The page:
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Deepan Chakkravarthy is the National Challengers 2017 Champion

by Sagar Shah - 24/08/2017

In what could be called nothing short of Bollywood action, Deepan Chakkravarthy played a Karpovian (apologies to Smyslov fans) endgame and beat the leader Swapnil Dhopade to take the 55th National Challengers title. Swapnil, who led the tournament right from the start, had to be content with the 2nd spot. Himanshu Sharma took the third place. In this report we have detailed analysis of the game Swapnil vs Deepan and we also tell you about who qualified for the National Premier 2017.

The final round encounter at the 55th National Challengers was between Swapnil Dhopade who was on 10.0/12 against Deepan Chakkravarthy on 9.5/12

Things were going really smooth for GM Swapnil Dhopade at the National Challengers 2017. He began with 5.0/5 and in the next four rounds scored 3.5/4. With 8.5/9 he was almost unreachable. But then he slowed down a bit with three draws. Going into the last round he still had a half point lead over the second placed Deepan Chakkravarthy.


For Deepan the road to the top was much more tumultuous. He lost an instructive rook endgame against Mary Ann Gomes, which we analyzed deeply in our round four article and then he lost another game in round 8 against Fenil Shah. That really was enough of losing for Deepan in Ahmedabad. He got down to business and with some great fighting spirit won the next four rounds. He thus had confirmed his qualification spot with 9.5/12.


Usually when two players who have qualified for the National Premier face each other in the last round of the National Challengers, it results in a few moves followed by a quick handshake. But Deepan was in a different mood altogether. "I have been finishing second at nationals my entire life", said Deepan talking to ChessBase India after the game. "Except for National Sub-juniors, I have never won the national title. Today I wanted to play for a win. That's it!" And boy, did he play hard.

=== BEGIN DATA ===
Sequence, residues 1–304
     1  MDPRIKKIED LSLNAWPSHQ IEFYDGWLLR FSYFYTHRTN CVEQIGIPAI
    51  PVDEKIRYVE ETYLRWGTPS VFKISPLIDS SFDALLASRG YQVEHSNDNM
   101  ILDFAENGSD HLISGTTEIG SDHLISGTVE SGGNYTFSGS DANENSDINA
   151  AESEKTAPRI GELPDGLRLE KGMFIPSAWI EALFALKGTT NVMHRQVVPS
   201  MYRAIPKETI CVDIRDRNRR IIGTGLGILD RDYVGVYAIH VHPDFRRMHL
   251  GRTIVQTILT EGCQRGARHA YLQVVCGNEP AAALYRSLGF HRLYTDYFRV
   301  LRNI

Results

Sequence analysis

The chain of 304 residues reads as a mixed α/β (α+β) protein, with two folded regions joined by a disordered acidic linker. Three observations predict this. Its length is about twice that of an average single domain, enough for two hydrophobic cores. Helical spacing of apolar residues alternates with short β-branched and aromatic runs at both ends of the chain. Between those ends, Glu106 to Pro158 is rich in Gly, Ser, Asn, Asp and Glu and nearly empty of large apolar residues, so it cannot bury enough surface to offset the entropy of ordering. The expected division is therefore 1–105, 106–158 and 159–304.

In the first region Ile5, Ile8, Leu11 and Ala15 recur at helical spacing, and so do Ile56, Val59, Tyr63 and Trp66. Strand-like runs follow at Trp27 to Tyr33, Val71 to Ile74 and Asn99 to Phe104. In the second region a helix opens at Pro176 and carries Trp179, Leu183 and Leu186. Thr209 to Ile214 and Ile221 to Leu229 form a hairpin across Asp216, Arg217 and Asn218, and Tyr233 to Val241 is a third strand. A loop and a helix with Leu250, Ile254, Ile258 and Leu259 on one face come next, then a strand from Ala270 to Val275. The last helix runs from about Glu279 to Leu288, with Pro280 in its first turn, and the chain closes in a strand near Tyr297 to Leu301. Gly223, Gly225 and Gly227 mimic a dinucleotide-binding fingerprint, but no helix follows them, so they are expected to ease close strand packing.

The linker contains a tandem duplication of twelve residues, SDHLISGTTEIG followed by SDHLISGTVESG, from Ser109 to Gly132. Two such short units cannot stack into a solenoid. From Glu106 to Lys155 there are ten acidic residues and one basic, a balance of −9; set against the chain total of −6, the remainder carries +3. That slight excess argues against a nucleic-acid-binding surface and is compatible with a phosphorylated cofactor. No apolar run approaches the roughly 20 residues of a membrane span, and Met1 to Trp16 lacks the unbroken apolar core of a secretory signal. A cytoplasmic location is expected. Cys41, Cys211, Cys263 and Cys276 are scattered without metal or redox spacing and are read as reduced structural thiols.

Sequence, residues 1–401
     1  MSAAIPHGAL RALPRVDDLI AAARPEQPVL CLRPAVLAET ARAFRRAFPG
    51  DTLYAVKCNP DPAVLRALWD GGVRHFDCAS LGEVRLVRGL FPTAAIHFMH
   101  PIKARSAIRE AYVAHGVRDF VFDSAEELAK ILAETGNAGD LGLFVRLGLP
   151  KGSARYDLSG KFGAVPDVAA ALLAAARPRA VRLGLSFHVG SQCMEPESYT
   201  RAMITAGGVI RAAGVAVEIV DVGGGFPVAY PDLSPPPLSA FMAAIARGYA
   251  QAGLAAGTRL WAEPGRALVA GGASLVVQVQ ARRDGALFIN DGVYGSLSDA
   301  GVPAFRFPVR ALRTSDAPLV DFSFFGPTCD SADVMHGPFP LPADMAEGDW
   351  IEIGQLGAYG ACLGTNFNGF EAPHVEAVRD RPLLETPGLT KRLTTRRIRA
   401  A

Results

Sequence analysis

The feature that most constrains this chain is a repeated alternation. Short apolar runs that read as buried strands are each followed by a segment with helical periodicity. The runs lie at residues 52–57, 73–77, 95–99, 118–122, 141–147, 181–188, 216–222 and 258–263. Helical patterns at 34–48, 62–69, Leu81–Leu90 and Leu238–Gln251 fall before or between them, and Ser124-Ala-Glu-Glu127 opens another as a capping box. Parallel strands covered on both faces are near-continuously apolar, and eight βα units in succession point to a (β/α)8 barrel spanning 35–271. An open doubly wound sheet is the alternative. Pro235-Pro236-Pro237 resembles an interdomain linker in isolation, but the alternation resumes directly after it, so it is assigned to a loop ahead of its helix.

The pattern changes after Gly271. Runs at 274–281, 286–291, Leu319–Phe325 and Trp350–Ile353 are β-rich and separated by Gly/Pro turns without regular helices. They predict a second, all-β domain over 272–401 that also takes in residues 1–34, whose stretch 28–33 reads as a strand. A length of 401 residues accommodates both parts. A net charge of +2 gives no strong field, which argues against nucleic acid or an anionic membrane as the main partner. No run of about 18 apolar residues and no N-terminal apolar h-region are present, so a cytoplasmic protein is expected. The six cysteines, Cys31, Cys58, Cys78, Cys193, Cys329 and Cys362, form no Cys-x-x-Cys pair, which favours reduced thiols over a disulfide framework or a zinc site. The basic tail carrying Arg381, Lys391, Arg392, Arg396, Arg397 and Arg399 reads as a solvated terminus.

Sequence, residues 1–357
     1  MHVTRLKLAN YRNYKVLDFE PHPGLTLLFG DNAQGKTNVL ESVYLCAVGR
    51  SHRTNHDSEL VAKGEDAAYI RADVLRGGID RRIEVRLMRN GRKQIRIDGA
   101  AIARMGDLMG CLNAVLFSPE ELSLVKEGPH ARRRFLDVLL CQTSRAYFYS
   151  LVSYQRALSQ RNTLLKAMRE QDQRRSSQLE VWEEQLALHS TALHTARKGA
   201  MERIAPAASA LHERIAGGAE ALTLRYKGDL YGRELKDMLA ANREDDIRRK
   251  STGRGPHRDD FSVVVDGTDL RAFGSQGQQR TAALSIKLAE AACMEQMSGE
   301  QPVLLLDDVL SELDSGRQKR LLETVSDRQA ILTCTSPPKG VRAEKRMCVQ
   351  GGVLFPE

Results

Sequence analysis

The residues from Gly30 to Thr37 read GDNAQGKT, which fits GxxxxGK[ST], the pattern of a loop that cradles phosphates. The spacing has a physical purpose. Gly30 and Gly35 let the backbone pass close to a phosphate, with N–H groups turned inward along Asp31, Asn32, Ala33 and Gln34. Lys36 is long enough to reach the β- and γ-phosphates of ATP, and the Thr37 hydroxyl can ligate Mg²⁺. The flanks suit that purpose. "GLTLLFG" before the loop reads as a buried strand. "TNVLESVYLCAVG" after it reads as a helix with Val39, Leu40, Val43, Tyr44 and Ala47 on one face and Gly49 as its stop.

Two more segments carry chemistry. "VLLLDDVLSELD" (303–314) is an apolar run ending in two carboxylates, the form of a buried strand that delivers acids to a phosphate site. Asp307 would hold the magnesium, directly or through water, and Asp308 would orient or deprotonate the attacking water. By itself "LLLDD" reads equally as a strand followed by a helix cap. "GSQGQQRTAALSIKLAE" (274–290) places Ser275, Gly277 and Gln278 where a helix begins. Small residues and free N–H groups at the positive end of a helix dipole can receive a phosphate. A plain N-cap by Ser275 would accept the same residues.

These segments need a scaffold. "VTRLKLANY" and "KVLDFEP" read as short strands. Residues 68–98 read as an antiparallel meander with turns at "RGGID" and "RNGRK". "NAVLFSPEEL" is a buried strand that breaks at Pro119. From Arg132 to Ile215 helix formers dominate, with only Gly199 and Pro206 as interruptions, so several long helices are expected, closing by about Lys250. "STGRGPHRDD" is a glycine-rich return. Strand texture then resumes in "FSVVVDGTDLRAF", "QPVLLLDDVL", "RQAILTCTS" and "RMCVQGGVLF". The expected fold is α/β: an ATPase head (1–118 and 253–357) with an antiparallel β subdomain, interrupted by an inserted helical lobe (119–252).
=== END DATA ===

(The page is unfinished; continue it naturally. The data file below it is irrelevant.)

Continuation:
Swapnil's 1.d4 was met with 1...g6 by Deepan

Swapnil chose the exchange variation of the King's Indian. Considering that he just needed a draw to become a champion, one cannot reprimand the grandmaster from Amravati for his decision.

Was Deepan surprised by Swapnil's choice of opening? "Yes, I was not expecting the exchange variation. But then I remembered this ...Na6 line and knew that it was tricky. So I went for it."

....Na6 was Deepan's tricky line!

Swapnil was not well versed with theory and was not able to keep his miniscule edge which White is usually able to keep in these lines. Black equalized with ease and then we reached the following position:

As Deepan told us after the game, his knight and queenside pawn structure made him feel really comfortable. The white knight on e3 doesn't really have good squares to go to.

I think these are the positions that Deepan excels in. The positions where you have to feel your way through. Which piece would be best placed on which square. Add to it the fact that Swapnil had the pressure of winning the title, it all went downhill for the GM from Maharashtra. Deepan was able to slowly tighten the screws and win the game.


It is a commendable effort by Deepan. Usually in order to fight well in the last rounds with so much at stake you need strong nerves. And he was able to show exactly that. He thoroughly deserves this national championship. At the same time one does feel sad for Swapnil who played a gem of a tournament right from the start. Second place is not bad, but he must surely not be happy missing out on the title when he was so close.

The smile of a champion!

Another player whose fighting skills require no introduction is Himanshu Sharma. The Haryanvi GM had lost the previous round against Deepan and with 8.5/12, his qualification was in jeopardy. He was also playing the super solid Sriram Jha in the last round with the black pieces. But Himanshu showed that he doesn't buckle down under pressure. Jha had chances to get a huge advantage out of the opening on many occasions, but the didn't play it so well. In the end, Sharma was able to win a pawn and with it the knight endgame.


The top three finishers of the tournament: Deepan Chakkravarthy (centre), Swapnil Dhopade (left), and Himanshu Sharma (right)

Nine players qualified for the National Premier and they are (from left to right: Debashis Das, Lalith Babu, S. Nitin, Abhijit Kunte, R.R. Laxman, Deepan Chakravarthy, Bhavesh Patel (Secretary of Gujarat state), Swapnil Dhopade, Himanshu Sharma, Ankit Dalal (co-founder of ChessBase India Power), and S.L. Narayanan.